Finishing the bike ride, I was faced with a larger deficit than normal, but I am fairly comfortable with facing long odds in T2. I know this race very well, and I know my competitors equally well. The top step of the podium is won by the athlete who is strongest, smartest, and toughest; whereas many of the other top spots are won by those who win the war of attrition. I normally hold up pretty well in that regard. So I started the run with every intention of running my way to the top twenty or beyond.
Early in the run, all signs pointed to another strong marathon. I was hydrated, I was coherent, and I was freshly motivated. The splits I received were bad, but undeterred, I was ready to turn things around. Miles one and two were quick and comfortable. Mile three was moderate. But by mile four I found myself facing a challenge I had never had before: mentally I was drained. Looking back I can now see that I had used nearly every ounce of motivation in me, nearly every mental trick I had, and nearly every race tactic to merely survive the bike ride. I had drained the pot, and I still had over two hours of running ahead of me. I looked to my deepest reserves to see if I could race this race with a depleted supply of physical and mental energy. My initial answer was that yes, I could.
By mile six I realized that I was wrong. I was running down Ali’i; I was getting incredible support from my friends, my family, and other spectators along the road; but I was dreading the task at hand. I was empty.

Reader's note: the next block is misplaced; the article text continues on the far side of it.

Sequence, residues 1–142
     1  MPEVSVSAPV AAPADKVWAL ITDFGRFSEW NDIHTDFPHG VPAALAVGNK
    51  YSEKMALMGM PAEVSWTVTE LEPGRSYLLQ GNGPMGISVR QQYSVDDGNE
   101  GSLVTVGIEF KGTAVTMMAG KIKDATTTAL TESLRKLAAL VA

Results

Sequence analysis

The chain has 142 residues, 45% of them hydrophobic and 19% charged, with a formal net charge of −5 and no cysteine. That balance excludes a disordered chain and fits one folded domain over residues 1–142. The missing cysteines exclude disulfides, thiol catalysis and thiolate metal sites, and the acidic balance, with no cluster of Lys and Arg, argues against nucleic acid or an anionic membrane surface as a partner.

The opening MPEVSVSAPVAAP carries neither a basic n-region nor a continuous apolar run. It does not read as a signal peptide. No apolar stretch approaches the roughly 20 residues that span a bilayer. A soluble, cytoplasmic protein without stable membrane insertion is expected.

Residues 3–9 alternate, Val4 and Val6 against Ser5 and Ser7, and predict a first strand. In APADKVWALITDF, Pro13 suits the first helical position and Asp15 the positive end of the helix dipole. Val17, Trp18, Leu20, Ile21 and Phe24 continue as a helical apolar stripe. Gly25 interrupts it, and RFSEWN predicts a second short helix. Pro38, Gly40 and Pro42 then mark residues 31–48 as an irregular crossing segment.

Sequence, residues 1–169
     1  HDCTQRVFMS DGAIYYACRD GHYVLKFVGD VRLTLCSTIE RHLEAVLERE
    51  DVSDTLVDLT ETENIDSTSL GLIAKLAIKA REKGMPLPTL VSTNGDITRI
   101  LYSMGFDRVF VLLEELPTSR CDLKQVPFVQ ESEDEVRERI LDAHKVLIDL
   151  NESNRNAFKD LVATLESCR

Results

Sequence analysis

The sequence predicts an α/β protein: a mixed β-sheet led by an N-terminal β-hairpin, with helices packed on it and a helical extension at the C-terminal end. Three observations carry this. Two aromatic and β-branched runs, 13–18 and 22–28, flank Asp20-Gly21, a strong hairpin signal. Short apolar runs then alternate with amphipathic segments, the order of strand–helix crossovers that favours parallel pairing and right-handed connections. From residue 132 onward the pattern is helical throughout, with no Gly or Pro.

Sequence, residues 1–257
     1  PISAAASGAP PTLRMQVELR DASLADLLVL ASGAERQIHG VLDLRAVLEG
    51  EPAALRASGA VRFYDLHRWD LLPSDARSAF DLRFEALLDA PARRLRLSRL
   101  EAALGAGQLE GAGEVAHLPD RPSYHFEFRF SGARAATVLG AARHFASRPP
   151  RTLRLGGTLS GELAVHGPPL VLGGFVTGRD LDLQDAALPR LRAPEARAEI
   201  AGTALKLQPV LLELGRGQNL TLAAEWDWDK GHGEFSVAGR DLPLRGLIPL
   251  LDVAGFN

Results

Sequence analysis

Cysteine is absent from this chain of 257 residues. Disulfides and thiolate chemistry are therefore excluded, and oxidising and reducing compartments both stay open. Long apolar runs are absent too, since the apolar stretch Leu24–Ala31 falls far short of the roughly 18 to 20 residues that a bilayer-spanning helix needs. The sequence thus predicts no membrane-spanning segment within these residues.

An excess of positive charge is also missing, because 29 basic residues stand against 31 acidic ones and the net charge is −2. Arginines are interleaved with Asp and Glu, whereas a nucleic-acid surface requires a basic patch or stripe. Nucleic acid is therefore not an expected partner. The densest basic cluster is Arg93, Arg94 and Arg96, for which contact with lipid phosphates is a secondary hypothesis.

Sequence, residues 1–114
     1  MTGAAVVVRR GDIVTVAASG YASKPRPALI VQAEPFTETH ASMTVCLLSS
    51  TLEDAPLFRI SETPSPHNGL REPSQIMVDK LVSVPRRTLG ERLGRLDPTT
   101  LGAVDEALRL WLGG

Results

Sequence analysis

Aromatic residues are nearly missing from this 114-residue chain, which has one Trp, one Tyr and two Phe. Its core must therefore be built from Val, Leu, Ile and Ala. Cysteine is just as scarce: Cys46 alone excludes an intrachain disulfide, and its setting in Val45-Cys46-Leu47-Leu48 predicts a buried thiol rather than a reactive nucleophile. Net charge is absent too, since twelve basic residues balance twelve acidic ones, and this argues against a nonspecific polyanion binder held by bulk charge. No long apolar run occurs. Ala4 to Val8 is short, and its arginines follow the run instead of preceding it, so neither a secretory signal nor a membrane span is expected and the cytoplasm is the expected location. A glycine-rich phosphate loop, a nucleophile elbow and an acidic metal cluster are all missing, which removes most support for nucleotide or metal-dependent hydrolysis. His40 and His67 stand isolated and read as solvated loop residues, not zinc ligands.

I used the cheers and screams and shouts for another four miles. I knew they would carry me to the top of Palani. Crowd support in Kona is unreal. However, I realized that I could not finish a race on external motivation alone. And my internal drive was gone.
I crested the hill and turned onto the Queen K. Ironically, just at the point where I normally begin to reel in the competition and unload a full-fledged attack, I opted to walk and jog my way to the finish. I was not prepared to give up, but I was finally giving in to the fact that my body and mind did not have what I needed to keep racing, and I would need to cruise my way to the finish.
Shortly thereafter, from the side of the road, Amanda reminded me how much I love this race, and she told me to find the joy and fun in being out there. It was a great thing to hear, as I suddenly realized that throughout the draining and powerless bike ride, I had not only sapped my mojo, but I had not enjoyed any part of the race (something that is very uncharacteristic of me). I started the next fifteen miles with the goal of figuring out a way to enjoy my 10th finish in Kona, and finally, after a few miles, I managed to realize that goal.
Looking back at the whole 2009 Kona experience, I can see many errors in my ways. I can see that I did not really need to change everything to achieve goal to finish top-three. I can see clearly that I already knew how to prepare for this event, and that rewriting the book was unnecessary. However, I can also say that I have no regrets about how I approached the year. I changed things up, I raced hard, and I went for it. Along the way, I had a great season of racing, and I gave it an honest go in Hawaii. It just so happened that my body needed to race this event on a different day.
And it is safe to say that I will be back next year with sound preparation and a fresh pot of mental energy, and I will have another honest go at the podium. Without question or doubt, I will be back.